What is a Jetfoil?

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  • Written By: Malcolm Tatum
  • Edited By: Bronwyn Harris
  • Last Modified Date: 14 October 2019
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Developed by Boeing in the early 1970’s, the jetfoil is a hydrofoil device that is propelled by the use of waterjets. The jetfoil was created to be a passenger carrying device, allowing for a quick and efficient transport using water as the medium. Envisioned as a transportation device that would be ideal for carrying tourists from one coastal location to another stop on the tour, the original designs for the jetfoil provided space for up to four hundred passengers.

While the general concept of the jetfoil was developed with the goal of providing waterjet-propelled transportation for a large number of passengers, at least one military application of note occurred. The Royal Navy of Great Britain purchased a Boeing designed jetfoil in 1979. Part of the reason for the acquisition was for use in various forms of defensive training connected to protecting the waters off the borders of the United Kingdom. Along with this application, the jetfoil was also evaluated for use as part of the normal duties of the country’s Fishery Protection Squadron.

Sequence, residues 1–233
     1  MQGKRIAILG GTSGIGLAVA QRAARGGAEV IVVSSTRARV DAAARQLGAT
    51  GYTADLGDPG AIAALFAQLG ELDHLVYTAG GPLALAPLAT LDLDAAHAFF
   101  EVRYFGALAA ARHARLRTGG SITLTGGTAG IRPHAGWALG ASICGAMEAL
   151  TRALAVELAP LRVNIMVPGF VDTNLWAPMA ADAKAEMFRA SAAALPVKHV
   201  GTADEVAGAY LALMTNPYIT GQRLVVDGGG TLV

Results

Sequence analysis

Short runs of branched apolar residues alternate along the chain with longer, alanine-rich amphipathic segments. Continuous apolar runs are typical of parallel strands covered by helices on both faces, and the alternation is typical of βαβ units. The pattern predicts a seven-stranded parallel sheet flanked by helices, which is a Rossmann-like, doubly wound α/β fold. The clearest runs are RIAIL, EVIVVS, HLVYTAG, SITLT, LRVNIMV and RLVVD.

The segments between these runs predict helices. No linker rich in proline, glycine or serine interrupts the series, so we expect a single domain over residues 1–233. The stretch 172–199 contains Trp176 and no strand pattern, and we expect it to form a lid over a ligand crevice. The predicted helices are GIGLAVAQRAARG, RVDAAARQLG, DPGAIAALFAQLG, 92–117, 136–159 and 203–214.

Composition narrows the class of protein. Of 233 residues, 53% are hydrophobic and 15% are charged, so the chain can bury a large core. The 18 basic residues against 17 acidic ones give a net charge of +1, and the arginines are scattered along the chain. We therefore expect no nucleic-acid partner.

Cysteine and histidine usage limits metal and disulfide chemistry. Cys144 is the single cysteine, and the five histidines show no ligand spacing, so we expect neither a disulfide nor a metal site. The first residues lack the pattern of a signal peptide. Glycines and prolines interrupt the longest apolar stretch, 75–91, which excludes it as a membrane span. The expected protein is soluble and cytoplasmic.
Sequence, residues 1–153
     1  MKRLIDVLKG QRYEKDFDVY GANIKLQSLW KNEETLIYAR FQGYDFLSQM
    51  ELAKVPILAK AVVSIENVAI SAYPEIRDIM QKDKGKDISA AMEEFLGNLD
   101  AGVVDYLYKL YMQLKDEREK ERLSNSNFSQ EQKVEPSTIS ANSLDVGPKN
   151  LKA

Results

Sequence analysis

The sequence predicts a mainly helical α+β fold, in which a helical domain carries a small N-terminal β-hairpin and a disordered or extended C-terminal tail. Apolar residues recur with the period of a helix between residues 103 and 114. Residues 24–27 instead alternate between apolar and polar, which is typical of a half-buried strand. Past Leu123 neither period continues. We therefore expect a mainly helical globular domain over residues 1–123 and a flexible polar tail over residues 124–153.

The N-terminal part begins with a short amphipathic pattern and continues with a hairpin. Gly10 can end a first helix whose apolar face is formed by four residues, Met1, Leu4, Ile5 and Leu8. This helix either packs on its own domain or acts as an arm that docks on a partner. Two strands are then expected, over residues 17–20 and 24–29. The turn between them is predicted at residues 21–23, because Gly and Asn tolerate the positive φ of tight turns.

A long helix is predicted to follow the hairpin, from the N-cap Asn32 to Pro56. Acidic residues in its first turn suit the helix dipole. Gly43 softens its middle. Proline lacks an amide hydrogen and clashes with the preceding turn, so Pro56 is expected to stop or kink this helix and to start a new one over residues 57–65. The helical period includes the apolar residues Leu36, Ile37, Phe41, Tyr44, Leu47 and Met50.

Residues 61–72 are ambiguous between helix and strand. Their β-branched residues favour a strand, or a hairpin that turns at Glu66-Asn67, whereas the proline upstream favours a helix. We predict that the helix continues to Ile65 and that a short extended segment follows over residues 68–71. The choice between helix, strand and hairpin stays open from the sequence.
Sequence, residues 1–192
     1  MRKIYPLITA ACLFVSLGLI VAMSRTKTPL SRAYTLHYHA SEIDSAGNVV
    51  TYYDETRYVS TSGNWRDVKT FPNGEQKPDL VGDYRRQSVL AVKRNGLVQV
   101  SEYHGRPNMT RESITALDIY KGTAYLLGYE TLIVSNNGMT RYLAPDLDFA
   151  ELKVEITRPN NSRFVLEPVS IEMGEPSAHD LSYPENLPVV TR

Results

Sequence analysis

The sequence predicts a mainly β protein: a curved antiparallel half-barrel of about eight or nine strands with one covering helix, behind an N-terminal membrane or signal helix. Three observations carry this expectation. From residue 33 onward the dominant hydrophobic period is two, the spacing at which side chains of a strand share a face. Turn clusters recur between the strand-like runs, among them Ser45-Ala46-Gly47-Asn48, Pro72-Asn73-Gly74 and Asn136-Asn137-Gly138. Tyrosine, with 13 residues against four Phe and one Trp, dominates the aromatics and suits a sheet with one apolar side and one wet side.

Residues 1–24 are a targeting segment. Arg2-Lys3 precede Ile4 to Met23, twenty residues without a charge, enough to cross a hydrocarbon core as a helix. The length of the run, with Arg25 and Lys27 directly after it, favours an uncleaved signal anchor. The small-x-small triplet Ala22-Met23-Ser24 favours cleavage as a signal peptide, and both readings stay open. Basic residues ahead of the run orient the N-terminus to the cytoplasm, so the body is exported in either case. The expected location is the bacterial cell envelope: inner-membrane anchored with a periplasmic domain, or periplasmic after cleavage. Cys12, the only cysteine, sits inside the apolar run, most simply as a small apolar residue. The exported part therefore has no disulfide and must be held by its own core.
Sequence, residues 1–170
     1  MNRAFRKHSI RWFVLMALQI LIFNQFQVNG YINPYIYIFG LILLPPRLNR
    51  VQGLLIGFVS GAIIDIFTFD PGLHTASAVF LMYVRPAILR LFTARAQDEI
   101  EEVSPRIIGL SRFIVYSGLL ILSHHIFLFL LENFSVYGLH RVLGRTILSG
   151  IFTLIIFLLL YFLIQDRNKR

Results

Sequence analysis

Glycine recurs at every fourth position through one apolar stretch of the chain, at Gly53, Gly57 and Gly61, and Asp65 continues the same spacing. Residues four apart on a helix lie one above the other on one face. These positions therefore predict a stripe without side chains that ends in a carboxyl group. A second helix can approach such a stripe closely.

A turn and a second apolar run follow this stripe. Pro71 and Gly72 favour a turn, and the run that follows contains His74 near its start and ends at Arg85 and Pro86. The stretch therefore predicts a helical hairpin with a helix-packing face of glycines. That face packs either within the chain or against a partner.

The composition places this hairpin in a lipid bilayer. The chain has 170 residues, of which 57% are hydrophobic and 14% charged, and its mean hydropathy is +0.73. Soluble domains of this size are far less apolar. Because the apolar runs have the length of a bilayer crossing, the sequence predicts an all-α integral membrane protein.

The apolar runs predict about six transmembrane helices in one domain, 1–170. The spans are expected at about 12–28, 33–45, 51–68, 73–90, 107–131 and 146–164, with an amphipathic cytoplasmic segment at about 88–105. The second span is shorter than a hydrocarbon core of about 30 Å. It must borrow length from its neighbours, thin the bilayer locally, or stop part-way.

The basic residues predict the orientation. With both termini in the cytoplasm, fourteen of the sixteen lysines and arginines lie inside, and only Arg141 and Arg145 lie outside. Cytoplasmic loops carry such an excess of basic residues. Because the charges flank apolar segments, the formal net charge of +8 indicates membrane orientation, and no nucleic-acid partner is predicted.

The use of jetfoils as part of the process of providing short range transportation for tourists became a popular option in a number of different countries. Such diverse nations as Saudi Arabia, Hong Kong, the United Kingdom, and the United States saw the use of the jetfoil between some coastal locations. As an example, a jetfoil operated a regular route between Seattle, Washington and Victoria, British Columbia during the early 1980’s. A similar process was used in the English Channel along the same time, providing easy transportation between the European coast and England.

While the use of the jetfoil never became as widespread as originally hoped, there are still some locations that make good use of the device. Boeing has since sold off the product line to a Japanese manufacture. That company, Kawasaki Heavy Industries, continues to produce a number of jetfoils each year.


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